Sharing ideas on best practices to optimize the way companies hire, manage, and structure teams.
You’ve posted your ad and received a big stack of applications from job seekers. But now, how do you decide which prospects are top candidates and deserve to come in for an interview? Below, we’ll take a look at why and how to shortlist job applicants, including how to establish your selection criteria for shortlisting applicants, and how to remain objective and fair during the process.
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You took the leap, became an entrepreneur, and founded your own company. Your customer list has grown, and you’re beginning to see real results — and also starting to feel swamped. Even if you realize you need help, you may be feeling anxious and wondering, “How do I know if I am ready to hire? What if something goes wrong?” These feelings are natural, but there are some telltale signs that let you know when a small business should start hiring.
Creating an attractive job ad can be challenging, but knowing how to write a job advertisement is critical to attracting top talent to your organization. Let’s take a look at why job ads are so important, how they differ from job descriptions, the necessary elements, and some tips on how to write a job advertisement that will get the attention of the best candidates.
Putting together a clear, thorough, and well-developed job description takes time and effort. In fact, many organizations fail to recognize just how a job description is different from an ad/posting and how valuable effective job descriptions are. And many companies don’t put in the work necessary to create them.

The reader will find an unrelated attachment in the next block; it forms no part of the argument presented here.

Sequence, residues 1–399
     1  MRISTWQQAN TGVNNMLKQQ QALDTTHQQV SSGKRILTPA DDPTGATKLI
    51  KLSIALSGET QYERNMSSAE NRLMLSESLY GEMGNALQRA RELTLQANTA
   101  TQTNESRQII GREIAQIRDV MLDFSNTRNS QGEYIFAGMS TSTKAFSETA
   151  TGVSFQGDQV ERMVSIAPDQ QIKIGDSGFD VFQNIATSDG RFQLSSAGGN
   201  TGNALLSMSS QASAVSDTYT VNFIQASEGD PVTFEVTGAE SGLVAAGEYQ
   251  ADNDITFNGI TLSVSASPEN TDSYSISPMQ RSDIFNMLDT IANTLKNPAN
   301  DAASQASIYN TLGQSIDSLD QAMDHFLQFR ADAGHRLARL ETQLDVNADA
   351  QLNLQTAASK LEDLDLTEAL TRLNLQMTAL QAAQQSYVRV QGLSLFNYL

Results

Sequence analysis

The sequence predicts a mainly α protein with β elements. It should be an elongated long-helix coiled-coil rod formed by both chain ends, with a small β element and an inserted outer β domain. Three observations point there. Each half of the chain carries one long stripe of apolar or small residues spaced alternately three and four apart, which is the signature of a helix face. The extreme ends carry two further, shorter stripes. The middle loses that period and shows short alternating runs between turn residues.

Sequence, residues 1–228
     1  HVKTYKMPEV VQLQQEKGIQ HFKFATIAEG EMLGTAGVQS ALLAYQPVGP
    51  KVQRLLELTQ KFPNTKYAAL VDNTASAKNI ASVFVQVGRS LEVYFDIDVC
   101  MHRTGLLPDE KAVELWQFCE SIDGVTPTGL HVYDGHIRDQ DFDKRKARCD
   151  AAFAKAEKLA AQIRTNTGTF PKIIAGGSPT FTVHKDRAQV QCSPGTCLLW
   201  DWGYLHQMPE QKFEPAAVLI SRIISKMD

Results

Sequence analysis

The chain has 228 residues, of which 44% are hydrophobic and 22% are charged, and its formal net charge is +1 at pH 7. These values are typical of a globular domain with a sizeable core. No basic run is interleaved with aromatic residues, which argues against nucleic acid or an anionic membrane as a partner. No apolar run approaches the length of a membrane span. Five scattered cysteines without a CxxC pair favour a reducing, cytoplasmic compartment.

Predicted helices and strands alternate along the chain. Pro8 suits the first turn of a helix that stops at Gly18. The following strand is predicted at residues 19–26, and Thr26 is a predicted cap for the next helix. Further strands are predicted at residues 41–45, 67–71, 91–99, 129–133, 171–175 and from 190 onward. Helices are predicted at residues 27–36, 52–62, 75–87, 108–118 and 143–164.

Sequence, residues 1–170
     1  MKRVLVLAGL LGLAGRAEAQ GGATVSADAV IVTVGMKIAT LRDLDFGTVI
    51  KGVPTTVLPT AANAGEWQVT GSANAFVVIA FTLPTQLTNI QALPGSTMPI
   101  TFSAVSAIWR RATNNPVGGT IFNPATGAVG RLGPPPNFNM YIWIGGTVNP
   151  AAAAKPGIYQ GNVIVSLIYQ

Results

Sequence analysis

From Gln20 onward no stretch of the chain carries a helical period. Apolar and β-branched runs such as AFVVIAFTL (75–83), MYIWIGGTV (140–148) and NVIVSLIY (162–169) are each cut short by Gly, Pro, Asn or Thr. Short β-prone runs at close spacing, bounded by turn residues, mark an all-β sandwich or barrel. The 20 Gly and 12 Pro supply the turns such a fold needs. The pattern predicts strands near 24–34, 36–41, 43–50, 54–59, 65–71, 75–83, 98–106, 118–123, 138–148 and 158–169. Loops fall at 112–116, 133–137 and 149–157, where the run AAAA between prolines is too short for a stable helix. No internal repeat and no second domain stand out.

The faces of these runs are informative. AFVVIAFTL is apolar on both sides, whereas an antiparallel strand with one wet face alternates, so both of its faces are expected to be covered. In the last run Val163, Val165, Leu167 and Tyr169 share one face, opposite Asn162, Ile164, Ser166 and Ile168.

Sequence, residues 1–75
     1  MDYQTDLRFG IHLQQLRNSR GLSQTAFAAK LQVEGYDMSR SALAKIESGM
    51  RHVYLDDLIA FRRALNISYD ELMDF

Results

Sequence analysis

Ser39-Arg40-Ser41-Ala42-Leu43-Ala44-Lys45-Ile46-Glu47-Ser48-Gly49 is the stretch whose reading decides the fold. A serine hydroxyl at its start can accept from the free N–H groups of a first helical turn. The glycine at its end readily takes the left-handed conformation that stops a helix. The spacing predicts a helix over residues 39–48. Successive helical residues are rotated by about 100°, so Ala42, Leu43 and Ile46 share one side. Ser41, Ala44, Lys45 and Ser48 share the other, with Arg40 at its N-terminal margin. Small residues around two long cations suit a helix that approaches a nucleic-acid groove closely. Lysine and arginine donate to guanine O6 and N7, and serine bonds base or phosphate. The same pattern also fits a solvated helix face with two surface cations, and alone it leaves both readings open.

In a landscape of talent shortages and increased competition, hiring new employees can prove challenging. Top candidates are often swept off the market quickly, meaning businesses who fail to act fast are left to choose from a smaller, less-qualified applicant pool. And in addition to making you miss out on talented employees, a slow hiring process can create unnecessary expenses, straining your hiring budget.
If you’re like many managers, you’re looking for ways to reduce your employee turnover rate. Between severance pay, temp coverage, hiring expenses, and training new employees, the costs of losing staff — especially your top performers — can quickly add up.
There are two basic styles, or models, of interviews employers usually use when hiring new employees: structured and unstructured interviews. Just like job candidates, each one has its own strengths and weaknesses. But do the advantages of a structured interview outweigh the advantages of an unstructured interview?
When many business owners think about succession planning, they think first about creating an exit strategy before retirement or the sale of their business. Owners and executives consider who should take over the business at that time – for instance, will it be a family member, an employee, a member of senior management or an outside buyer? – and how the transition will take place.
At Hire Success®, our Personality Profile is designed to help you determine the dominant traits of your most successful employees and then use that information when interviewing new candidates for the same job. But what is a dominant trait, and why does it matter?